TV Terror Guide: Women in Chains (1972)
Air Date: Jan. 25, 1972 (ABC Movie of the Week)
Production Companies: Paramount Television
Running Time: 74 min.
Available on: YouTube
Written by: Rita Lakin
Directed by: Bernard L. Kowalski
Cast: Ida Lupino, Lois Nettleton, Jessica Walter, Belinda Montgomery, Penny Fuller, John Larch
Yes, that’s Ida Lupino, award-winning actress from the golden age of Hollywood, playing prison guard Claire Tyson and punching women in the stomach. This was, in fact, her 1970s television movie debut. During the following two years, she appeared in five more. She was no stranger to television, though, having appeared in many series throughout her career. However, I’d be lying if I said I didn’t know her from her roles as Mrs. Preston in The Devil’s Rain (1975) and Mrs. Skinner in Food of the Gods (1976.)
Women in Chains is by no means a horror movie, unless you consider going undercover in a women’s prison to investigate murder, then getting stuck there because the only person you told is murdered while you’re there. It’s not so different from a lot of the TV horror movies I’ve been watching, barely straying from the formula of woman in peril. While Sandra Parker (Lois Nettleton) doesn’t see ghosts or monsters, no one believes her when she says she doesn’t belong there.
Women in Chains is about as average as a telefilm can be. I’m not terribly familiar with women in prison movies, but this one checks all the boxes on what I assume would be a checklist for them, especially with the character stereotypes. We have the wrongly convicted Melinda (Belinda Montgomery), the suck-up to the villain Dee Dee (Jessica Walter), and the older woman who’s been there forever and knows everything that happens, Billie (the wonderful Lucille Benson.)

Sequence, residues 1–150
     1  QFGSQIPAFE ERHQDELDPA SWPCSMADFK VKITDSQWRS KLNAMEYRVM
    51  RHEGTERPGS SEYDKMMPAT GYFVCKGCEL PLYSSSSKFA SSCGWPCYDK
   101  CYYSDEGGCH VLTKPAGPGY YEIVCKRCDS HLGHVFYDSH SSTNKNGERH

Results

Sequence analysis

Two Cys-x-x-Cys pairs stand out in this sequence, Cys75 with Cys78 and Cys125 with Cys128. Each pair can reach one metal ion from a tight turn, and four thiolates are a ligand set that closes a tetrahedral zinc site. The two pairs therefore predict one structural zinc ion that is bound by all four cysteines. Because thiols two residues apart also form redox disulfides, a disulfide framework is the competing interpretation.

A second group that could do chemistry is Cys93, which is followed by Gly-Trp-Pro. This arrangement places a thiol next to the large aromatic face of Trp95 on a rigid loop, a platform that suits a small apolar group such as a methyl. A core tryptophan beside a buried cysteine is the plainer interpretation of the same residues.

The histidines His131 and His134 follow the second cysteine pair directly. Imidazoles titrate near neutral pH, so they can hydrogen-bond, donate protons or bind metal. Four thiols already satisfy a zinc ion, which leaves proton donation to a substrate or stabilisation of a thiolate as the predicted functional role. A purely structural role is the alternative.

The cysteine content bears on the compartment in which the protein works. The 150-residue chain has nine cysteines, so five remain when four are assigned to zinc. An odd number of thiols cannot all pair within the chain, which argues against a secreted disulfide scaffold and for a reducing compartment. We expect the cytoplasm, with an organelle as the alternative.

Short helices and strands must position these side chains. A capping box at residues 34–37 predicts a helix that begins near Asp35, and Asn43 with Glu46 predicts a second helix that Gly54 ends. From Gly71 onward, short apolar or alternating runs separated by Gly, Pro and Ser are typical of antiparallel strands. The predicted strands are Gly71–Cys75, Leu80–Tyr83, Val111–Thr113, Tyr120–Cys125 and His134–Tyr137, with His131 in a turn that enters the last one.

Veteran director Bernard L. Kowalski, whose name has already been mentioned twice in this series (Terror in the Sky and Black Noon) tries to liven it up with some strange freeze frames and slow motion shots. However, instead of enhancing the action, these shots emphasize the silliness. The entire thing is then overly melodramatic. This is best demonstrated in Nettleton’s big moment when she confronts her cell mates. (How many women live in one cell, by the way?) She stands whipping her head back and forth as she begs any one of them to help her.
This is also a movie in which going to solitary confinement means you get to spend it with your best friend. The better to advance the story, I guess… Don’t get me wrong, Women in Chains is harmless and it is entertaining at the typical 74-minute running time. If Lupino had really let loose and pushed a movie over the edge that's already teetering on camp, it would have been something really special. Perhaps oddly, it was written by a woman, Rita Lakin. Then again, she’s probably the reason these characters are portrayed to be as strong as they are.